It may seem that wise, strong people typically have gone through a few hard times in their lives. By comparison, those who have led a very sheltered and privileged life often appear to crack more easily under pressure. But is it really true that some degree of pain and trauma can make us stronger? And if so, at what point does it destroy us?
Seriously traumatic events – such as accidents or terrorist attacks – can evoke fear and helplessness in the face of a threat to life or serious injury. Fear responses are often more extreme if the trauma is unsystematic and random. That’s because the utter senselessness of the situation makes it difficult for individuals to interpret what is happening around them. How does one explain the mindless murder of the innocent, for example?
These events corrupt the sense of confidence, stability and trust we have in the world. But miraculously it turns out they can actually help us be stronger – although not everyone. Indeed, psychologists have long been interested in why some individuals appear to overcome traumatic events and thrive while others appear unable to recover, continuing to suffer from post traumatic stress disorder or other mental-health problems.
Research on victims of serious trauma has found that about 75% of them do not appear to be significantly impaired after the incident, despite being stressed and traumatised at the time of the incident. So what characteristics do those individuals have that are different?
First and foremost it is a quality that psychologists call resilience, the ability to cope and adapt in the face of hardship, loss or adversity. It is the capacity to deal effectively with stress and pressure and to rebound from disappointments and mistakes. A person with psychological resilience is able to solve problems and meet life’s challenges with confidence and purpose, demonstrating impressive self-renewal skills when necessary.
Whether it’s chronic illness, sexual, physical or emotional abuse or fear and threat of violence, resilient individuals have better coping success when under psychological distress, higher self-efficacy and self-esteem as well as more optimism and hope. They also tend to have fewer psychological and health-related problems. Resilient individuals are typically also internally consistent, assertive, cognitively flexible, autonomous and have a personal moral compass and an ability to face their fears.
When studying the personality traits of resilient holocaust survivors, who had suffered extreme trauma and watched their families and friends die in the camps, we found that they were characterised by optimism, creative problem solving and acceptance of their situation. These people typically reported that they always had hope that they would somehow endure and that the story of their lives would one day be told.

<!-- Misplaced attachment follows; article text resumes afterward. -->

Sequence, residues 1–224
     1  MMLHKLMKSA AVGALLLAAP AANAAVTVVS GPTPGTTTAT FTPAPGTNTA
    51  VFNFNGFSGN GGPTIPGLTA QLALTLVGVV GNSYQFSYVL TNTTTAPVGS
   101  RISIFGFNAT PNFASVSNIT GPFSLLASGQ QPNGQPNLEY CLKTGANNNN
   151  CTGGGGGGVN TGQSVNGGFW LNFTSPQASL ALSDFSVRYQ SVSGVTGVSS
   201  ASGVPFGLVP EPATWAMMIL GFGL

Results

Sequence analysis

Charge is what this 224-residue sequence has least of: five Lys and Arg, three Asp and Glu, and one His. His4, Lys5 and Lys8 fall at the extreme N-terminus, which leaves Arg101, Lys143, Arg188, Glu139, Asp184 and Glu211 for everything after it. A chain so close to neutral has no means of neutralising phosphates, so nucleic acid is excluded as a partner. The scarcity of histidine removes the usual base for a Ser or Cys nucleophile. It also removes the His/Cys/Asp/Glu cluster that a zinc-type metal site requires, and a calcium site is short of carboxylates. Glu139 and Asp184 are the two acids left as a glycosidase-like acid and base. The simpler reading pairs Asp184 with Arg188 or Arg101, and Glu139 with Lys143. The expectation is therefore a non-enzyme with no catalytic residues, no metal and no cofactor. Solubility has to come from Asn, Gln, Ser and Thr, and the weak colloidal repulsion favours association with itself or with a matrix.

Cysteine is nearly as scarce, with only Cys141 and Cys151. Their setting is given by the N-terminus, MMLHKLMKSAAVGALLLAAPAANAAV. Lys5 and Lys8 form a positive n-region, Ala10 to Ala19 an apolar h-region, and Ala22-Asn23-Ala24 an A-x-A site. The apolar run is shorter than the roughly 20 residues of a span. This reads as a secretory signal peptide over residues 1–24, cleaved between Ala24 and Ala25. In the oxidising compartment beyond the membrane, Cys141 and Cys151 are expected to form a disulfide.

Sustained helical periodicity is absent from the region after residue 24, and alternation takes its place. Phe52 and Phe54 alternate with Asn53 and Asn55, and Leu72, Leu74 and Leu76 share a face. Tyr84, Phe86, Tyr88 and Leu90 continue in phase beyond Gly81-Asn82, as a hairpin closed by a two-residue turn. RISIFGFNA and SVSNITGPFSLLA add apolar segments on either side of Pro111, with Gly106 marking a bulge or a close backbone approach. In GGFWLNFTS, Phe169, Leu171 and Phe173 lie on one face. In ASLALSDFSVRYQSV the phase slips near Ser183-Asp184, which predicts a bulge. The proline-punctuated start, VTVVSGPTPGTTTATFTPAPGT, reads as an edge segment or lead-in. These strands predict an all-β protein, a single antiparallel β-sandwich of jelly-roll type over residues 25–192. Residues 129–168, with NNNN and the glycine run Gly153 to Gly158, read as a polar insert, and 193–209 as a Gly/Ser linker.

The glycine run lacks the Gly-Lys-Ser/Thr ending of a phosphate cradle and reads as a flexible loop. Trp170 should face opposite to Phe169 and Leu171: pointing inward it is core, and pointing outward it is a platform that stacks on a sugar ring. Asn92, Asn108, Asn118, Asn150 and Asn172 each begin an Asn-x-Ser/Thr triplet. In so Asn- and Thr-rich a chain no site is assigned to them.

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However, resilience does not have to come from extreme emotional and physical trauma. More than two-thirds of the general population will experience events they find traumatic in their lifetimes. Life experiences such as poverty, dysfunctional families and bullying can also have lasting impacts – it’s a dynamic interaction of a variety of influences such as personalty, coping responses and our appraisal of the trauma that shape us.
Nature versus nurture
It’s not entirely clear to what extent we are born with resilience and to what extent it is something that we learn. But it is certainly a construct that can be improved and built upon. Positive emotions help to establish a building block that broadens the domain of effective behaviours in regards to stress and trauma. However the building of resiliency must occur before a stressful situation – just like immunity to an infection or disease.
But that’s not the whole story. Actually going through a trauma can provide us with the opportunities to become more resilient to the next life-impacting event. When going through tough times we get to know ourselves and learn about the behaviours that we exhibit when stressed – and how to best manage them. This in turn also helps build confidence.
So does that mean that people with an “easy life”, who may not have had the opportunity to learn how to be resilient, are worse at it? While this could be the case, there isn’t any research on this, probably because it isn’t exactly straightforward how to define an “easy” life. What’s more, psychologists tend to study people who are traumatised – they are the ones that actually need our help. Having said that, there are people who may not have suffered much trauma but are nevertheless able to suddenly stand up and rescue 20 people from drowning instead of only saving themselves in a crisis – and this is showing a type of resilience.
Ultimately, resilience is a complicated mix of personality and experience. Each of us has the capability to get back up and carry on, whether we use it or not. Having a sense of one’s own meaning is probably the most important characteristic of building resilience – everyone has something to contribute, everyone has extraordinary possibilities and strengths. Understanding your uniqueness is the first step to recognising your worth and is one way of beginning to improve your psychological resiliency. Hopefully, just knowing that it is something we can improve can help some of us move in the right direction.
About The Author
Pam Ramsden, Lecturer in Psychology, University of Bradford